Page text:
The eighth count was based on the written agreement of August 1, 1898, and on the further written agreement of December 15, 1898, and on the further oral agreement to furnish a heating plant, and alleged that the defendants owed the plaintiffs the sum of $59,794 by virtue of these contracts and agreements.

The defendants, in their amended answer, admitted that they executed the contract dated August 1, 1898, but alleged that it was not completely executed by the parties until September 8, 1898; denied that they had broken the contract in any respect; pleaded certain payments amounting altogether to $40,700; denied that any further sums were due the plaintiffs under the contract or otherwise; alleged many breaches of, and failures to perform, the contract on the part of the plaintiffs; admitted certain items of additional work, but alleged that they had paid the plaintiffs therefor; denied that they delayed the plaintiffs in their work; alleged that on account of the failure of the plaintiffs to perform their contract the defendants were obliged to terminate the employment of the plaintiffs and complete the work at their own expense, and set up various other defences based upon specific provisions of the contract.

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Article sixth of the contract of August 1, 1898, described in the opinion, was as follows:

"Art. VI. The contractor shall complete the several portions, and the whole of the work comprehended in this agreement by and at the time or times hereinafter stated, viz: -the stores and basements shall first be completed and delivered, ready for occupancy by tenants, not later than the first day of December, 1898, and the whole of the work fully completed not later than January first, 1899, and it is especially agreed and understood that in case of the failure of the contractor to deliver said stores and basements ready for said occupancy, or to complete the building as aforesaid, at the times above written, the contractor shall forfeit to said owner the sum of thirty (30) dollars per day for each and every day of delay in the delivery of said stores and basements, and ten (10) dollars per day for each and every day of delay in the completion of the remainder of the building, said forfeit or forfeits to be deducted from the contract price.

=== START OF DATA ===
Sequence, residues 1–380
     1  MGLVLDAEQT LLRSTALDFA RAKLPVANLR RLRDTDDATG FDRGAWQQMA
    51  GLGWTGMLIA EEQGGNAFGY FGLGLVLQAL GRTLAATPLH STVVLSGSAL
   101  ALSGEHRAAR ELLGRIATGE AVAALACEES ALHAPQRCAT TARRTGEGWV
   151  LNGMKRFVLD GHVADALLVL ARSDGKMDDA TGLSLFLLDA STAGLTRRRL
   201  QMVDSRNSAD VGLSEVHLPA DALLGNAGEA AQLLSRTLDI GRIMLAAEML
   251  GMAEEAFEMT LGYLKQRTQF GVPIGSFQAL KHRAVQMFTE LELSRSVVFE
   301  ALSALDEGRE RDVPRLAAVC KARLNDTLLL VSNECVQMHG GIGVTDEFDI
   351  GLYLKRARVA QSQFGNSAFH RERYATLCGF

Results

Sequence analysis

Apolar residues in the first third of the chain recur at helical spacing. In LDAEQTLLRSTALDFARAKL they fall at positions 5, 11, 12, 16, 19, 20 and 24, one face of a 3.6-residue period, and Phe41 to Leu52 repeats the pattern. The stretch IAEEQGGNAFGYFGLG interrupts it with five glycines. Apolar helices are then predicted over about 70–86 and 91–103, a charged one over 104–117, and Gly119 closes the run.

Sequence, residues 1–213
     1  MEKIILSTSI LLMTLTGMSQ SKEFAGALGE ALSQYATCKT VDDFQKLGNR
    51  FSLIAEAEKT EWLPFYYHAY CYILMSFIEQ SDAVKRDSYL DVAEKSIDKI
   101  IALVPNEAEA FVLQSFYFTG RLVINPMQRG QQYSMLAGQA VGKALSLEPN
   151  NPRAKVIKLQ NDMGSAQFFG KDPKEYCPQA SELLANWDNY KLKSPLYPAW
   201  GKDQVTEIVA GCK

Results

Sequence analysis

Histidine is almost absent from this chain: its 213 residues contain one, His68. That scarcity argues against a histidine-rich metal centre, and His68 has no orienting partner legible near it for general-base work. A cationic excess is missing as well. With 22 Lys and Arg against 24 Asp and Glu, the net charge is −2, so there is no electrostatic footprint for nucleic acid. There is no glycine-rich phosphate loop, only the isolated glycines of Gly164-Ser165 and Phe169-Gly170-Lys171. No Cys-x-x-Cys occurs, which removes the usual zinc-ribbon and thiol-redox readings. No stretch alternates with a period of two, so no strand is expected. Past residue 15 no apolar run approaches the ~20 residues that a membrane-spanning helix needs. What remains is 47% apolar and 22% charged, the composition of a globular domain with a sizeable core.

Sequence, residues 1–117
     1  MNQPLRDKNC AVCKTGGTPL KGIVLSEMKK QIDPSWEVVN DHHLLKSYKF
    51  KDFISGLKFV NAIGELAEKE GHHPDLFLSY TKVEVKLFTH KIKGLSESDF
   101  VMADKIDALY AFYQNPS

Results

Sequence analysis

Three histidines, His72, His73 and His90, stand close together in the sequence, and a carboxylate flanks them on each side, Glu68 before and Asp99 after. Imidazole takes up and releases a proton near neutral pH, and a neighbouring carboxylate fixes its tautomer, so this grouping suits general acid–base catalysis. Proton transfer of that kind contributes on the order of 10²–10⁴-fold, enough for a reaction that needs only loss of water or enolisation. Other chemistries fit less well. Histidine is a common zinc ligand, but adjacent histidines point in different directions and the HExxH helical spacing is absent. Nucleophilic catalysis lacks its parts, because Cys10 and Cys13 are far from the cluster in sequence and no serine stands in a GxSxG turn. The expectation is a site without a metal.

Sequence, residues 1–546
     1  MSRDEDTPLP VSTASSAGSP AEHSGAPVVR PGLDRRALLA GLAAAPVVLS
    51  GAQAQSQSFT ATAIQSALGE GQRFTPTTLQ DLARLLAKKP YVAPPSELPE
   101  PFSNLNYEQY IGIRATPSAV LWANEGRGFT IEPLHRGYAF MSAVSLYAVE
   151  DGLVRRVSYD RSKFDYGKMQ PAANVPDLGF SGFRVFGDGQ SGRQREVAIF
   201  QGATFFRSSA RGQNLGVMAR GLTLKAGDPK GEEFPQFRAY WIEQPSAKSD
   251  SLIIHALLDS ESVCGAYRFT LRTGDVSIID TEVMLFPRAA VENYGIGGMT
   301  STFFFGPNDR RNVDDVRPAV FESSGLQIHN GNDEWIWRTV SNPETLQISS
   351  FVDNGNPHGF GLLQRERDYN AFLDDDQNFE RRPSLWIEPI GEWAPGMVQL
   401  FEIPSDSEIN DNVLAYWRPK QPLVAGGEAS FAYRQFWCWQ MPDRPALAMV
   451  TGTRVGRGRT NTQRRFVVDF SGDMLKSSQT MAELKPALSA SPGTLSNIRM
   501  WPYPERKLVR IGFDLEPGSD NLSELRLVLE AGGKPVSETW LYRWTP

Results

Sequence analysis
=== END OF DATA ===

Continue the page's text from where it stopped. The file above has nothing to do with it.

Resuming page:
"The contractor shall be entitled to receive from the owner thirty (30) dollars per day for each and every day that said stores and basements may be completed and ready for occupancy by tenants before said first day of December and ten (10) dollars per day for each and every day that said building shall be completed as aforesaid before said first day of January next."

The agreement of December 15, 1898, was as follows:

"Whereas various differences and disputes have arisen between the owners and contractors named in a certain contract dated August 1, 1898, entered into by Adelard Phaneuf and Henry H. Hunt, parties of the first part, and Eliza J. Corey, Blanche E. Holyoke and Lizzie E. Crowell, parties of the second part, for the erection and completion of a building at Marlborough, Mass., known as the Corey Building, and

"Whereas the owner's superintendent has certified that there is sufficient ground for terminating the employment of the contractors Phaneuf and Hunt, and the owners have notified said contractors that their employment is terminated, and

"Whereas the contractors are desirous of completing the work covered by said contract and in accordance with the terms thereof, and the owners are willing that they should do

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so, provided a satisfactory adjustment with proper allowances is now arrived at so as to remove the principal causes of dispute which have already arisen,

" Now therefore the said owners and contractors enter into the following agreements and stipulations : -

"1. They hereby ratify and confirm said contract of August 1, 1898, in all respects, except so far as the same is hereby expressly changed or modified.

"2. The time for the completion of the stores and basements is hereby extended, subject to the same terms and conditions expressed in said original contract, to the first day of March, 1899, and the time for the completion of the whole building is hereby extended to the first day of April, 1899, and the contractors admit that those extensions are now necessary for the completion of the said stores and basements and of the whole building respectively.